Us old heads will feel that similar spark or reverence we had 20 years ago, which comes through in the soundtrack, too. Of course, the questions on everyone’s minds when the remasters were announced was whether or not those iconic songs would be back, considering the difficulty of dealing with licenses. I wrote about how THPS 2 introduced me to Bad Religion and how they ushered me into the punk scene and remain my favorite band (or second favorite behind Streetlight Manifesto) of all time. So here I am singing along to “You,” Millencolin’s “No Cigar,” and Dead Kennedys’ “Police Truck” while landing 100,000+ point combos. But like the roster of skaters, the soundtrack is equally about a new age that complements the past.
Just as THPS helped us discover new music, this remastered package has my ears perked up to the tune of raw sounds of punk again. Bands like Rough Francis with “Deathwire” and Destroy Boys with “Duck Eat Duck World” are tremendous standouts as newcomers to the soundtrack. And once again, I have new bands with discographies for me to rummage through. In the same way THPS got me into the punk scene, here’s THPS 1 + 2 Remastered rekindling that flame and reminding me that punk isn’t dead.
It’s wild how THPS has come full circle, capturing nostalgia by giving us what the old games did, but also instilling that same feeling of admiration with skating’s new cultural era. Sure, there were attempts to revitalize the series in the more recent past, but this new remastering comes together extremely well because the core gameplay loop is tight and mixes the series’ various trick systems appropriately (which my guy Mat Paget lays out eloquently in his review). Vicarious Visions did right by those who wanted a solid, true THPS experience, but that also means it did right by the skaters on the roster who represent the sport today.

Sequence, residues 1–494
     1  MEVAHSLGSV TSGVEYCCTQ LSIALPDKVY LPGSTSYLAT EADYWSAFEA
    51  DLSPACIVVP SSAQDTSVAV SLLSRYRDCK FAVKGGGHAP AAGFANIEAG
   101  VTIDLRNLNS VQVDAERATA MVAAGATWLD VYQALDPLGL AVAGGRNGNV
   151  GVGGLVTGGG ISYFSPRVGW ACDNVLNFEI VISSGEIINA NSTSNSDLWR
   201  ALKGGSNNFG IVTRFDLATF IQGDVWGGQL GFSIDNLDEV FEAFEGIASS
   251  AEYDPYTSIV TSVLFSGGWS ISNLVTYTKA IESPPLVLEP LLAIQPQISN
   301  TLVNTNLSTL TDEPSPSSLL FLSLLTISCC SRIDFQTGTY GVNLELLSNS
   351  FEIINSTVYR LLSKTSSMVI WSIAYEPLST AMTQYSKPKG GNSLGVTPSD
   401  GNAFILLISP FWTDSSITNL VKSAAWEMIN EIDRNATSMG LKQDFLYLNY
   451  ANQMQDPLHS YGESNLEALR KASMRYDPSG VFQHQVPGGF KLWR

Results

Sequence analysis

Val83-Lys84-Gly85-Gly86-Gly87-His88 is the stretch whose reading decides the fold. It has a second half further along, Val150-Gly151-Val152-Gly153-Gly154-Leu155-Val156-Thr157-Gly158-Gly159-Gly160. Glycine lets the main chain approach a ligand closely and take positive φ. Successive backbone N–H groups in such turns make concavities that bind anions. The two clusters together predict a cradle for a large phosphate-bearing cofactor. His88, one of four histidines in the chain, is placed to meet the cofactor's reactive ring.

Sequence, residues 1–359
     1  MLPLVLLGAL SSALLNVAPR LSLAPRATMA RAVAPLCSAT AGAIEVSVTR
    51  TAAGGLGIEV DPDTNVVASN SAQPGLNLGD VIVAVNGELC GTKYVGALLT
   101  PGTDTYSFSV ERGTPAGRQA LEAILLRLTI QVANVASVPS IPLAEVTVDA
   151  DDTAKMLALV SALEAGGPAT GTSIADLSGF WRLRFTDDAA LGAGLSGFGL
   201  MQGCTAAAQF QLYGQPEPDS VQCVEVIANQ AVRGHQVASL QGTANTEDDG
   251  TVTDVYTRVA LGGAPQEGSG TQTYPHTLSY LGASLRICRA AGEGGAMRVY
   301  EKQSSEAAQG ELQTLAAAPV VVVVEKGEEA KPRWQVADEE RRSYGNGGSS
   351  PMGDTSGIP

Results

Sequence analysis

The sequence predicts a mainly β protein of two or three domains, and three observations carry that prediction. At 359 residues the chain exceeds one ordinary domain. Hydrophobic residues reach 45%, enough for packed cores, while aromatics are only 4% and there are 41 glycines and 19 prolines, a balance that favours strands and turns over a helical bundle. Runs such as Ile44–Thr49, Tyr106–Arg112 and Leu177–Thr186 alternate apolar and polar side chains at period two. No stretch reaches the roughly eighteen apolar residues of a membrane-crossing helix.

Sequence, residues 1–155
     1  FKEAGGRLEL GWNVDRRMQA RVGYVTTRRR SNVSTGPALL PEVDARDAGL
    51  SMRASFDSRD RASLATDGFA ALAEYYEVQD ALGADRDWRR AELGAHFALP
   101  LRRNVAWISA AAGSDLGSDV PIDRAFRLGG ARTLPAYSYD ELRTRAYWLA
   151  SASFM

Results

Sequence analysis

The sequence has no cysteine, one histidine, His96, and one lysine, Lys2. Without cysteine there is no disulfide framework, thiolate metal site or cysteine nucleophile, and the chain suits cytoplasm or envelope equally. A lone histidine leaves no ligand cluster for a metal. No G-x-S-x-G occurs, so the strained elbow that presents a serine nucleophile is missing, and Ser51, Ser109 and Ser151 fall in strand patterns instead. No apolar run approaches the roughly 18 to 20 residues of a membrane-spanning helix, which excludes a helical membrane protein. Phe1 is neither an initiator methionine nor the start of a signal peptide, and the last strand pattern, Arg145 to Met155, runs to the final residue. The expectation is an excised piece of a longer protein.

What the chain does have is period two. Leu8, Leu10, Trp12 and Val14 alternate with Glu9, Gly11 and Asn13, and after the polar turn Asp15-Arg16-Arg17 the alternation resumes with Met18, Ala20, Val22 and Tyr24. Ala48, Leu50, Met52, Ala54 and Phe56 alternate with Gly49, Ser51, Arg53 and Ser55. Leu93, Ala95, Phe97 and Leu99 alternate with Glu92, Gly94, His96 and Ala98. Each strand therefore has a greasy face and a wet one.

I don’t think I’m going to take my collector’s edition Birdhouse deck and custom build a board with the right trucks, bearings, and wheels to skate again, but I’ve been refreshed on the scene and realize I’d been missing out. It’s cool seeing my generation of folks celebrate THPS 1 + 2 as a superb game and time capsule, but it’s just as cool to think that kids who pick it up might identify with it the same way I did when I was young–which I’ve learned to appreciate all over again thanks to this remaster.